Open main menu

Page:Popular Science Monthly Volume 90.djvu/848

This page needs to be proofread.


832

��Popular Science Monthly

���The mechanism of the attachment by means of which the colors are blended on the screen

nearer the day when natural color motion pictures will be the only ones in use.

Experiments are now under way for perfecting a process of dyeing the black and white film the color of the four primary hues. If this can be done — and recent tests seem to promise that it can — there will be no need of the four-colored filter on the projector, and this natural color system will be simplified so much further.

It is planned to take the black and white film which has been exposed in the camera and sim- ply immerse it in vats containing the various dyes. When it is placed in the red vat, for instance, all of the individual pictures of the film, excepting the one- fourth of them which corre- spond to the red portions of the scene, are covered up by small rubber blocks. The dye cannot touch them, therefore, while those parts of the pictures which correspond to the red portions of the scene are colored red.

After these pictures have dried, they are covered up and the rubber blocks are removed from those por- tions of the picture to be dyed blue in a similar way. And this is done for the yellow and the green-blue portions also. The film is thus colored di- rectly and no extra filter is needed on the projector.

��"Editing" a Motion-Picture Film with a Phonograph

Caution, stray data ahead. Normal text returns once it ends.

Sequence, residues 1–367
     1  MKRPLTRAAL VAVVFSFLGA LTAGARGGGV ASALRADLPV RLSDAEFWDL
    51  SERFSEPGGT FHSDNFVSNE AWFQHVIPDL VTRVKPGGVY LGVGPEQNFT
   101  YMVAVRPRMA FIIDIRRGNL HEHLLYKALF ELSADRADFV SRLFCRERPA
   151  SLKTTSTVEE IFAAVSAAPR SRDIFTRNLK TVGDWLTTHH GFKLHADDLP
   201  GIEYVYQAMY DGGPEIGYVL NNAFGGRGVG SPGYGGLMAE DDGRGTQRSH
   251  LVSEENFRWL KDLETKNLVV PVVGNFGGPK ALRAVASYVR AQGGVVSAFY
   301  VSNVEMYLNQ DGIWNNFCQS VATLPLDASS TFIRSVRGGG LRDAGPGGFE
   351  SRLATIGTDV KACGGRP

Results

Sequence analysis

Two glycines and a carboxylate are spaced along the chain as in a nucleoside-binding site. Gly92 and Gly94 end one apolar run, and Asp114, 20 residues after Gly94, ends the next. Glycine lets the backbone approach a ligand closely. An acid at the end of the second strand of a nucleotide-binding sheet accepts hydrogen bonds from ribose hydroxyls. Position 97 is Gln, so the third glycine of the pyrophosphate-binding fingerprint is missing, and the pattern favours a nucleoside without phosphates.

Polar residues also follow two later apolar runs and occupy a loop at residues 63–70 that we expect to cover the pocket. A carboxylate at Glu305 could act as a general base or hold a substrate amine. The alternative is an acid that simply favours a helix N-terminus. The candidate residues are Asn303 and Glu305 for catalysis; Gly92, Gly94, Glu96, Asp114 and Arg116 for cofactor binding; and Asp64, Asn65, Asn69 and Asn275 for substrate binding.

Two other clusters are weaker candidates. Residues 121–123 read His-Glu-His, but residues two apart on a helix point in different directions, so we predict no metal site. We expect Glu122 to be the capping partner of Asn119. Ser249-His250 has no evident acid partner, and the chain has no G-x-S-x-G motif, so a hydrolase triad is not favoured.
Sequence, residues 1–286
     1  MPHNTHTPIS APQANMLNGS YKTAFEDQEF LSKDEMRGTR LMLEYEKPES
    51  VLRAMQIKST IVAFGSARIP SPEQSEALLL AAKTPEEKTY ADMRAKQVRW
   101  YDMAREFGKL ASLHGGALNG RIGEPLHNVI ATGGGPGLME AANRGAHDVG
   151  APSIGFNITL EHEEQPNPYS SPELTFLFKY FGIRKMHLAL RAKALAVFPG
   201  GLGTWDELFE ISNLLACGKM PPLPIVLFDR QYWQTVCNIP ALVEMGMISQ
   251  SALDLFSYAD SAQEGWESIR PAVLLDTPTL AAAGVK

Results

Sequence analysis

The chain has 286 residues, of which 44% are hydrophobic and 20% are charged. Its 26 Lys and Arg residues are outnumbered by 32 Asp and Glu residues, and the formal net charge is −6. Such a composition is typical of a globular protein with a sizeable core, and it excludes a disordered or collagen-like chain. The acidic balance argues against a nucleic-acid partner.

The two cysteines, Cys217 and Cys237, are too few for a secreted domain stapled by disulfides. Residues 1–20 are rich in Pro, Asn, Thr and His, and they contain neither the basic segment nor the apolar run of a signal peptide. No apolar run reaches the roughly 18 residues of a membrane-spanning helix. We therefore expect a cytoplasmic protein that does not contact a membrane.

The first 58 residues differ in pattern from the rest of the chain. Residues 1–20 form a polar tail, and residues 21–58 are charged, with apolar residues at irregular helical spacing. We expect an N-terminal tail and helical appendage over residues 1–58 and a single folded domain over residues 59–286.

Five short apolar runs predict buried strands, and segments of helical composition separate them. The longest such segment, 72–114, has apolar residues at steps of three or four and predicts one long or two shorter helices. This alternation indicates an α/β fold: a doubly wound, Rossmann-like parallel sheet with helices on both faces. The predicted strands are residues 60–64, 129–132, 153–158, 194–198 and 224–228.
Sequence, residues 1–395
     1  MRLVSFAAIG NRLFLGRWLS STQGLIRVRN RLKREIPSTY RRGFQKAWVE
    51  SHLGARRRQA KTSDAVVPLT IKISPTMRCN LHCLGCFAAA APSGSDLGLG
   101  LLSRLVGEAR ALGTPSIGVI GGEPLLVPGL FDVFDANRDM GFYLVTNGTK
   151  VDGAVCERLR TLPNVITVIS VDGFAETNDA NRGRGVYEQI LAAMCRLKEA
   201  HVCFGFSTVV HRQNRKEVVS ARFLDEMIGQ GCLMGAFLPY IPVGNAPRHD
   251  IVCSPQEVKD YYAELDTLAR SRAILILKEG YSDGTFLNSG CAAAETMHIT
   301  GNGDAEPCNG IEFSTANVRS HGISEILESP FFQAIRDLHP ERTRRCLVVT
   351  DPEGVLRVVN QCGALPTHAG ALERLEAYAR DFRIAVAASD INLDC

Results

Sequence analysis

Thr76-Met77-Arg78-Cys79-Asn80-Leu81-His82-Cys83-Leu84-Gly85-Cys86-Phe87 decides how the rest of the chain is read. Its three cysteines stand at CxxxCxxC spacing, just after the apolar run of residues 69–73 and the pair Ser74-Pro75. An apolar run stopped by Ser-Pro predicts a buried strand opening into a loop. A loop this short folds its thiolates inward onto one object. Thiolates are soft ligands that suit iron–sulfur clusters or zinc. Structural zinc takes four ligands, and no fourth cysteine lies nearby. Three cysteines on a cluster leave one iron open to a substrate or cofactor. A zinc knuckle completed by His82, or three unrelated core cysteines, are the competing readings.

AFTER a motion-picture film has been 1\ developed and printed it is sent to the general manager or to the director to be "edited." Like an author's manuscript in the hands of an editor, it is shortened here and there, the captions altered, some parts entirely "cut" or deleted, and the whole film dressed up to suit the ideas of the men closest in touch with the theater-going public.

The editing takes place in the projection room, but the altering — cutting the film and changing it — is done in the cutting and assembling room by men who do nothing else. Sometimes the men in the cutting room ("cutters," in the trade lingo) are so overwhelmed and confused with orders issued by the studio officials that they are compelled to ask for additional expla- nations. Needless to say this wastes much time.

By means of the phonograph, however, one motion-picture company is eliminating this waste and saving money. As the director watches a picture in the projection room he utters his editing orders into the transmitter of a dictating machine. The film is then sent back to the cutting room with the phonograph record.

As the director watches a picture he utters his editing corrections in- to the transmitter of a dictating machine

���In the cutting and assembling room the corrections are made from the records of the dictating machine

�� �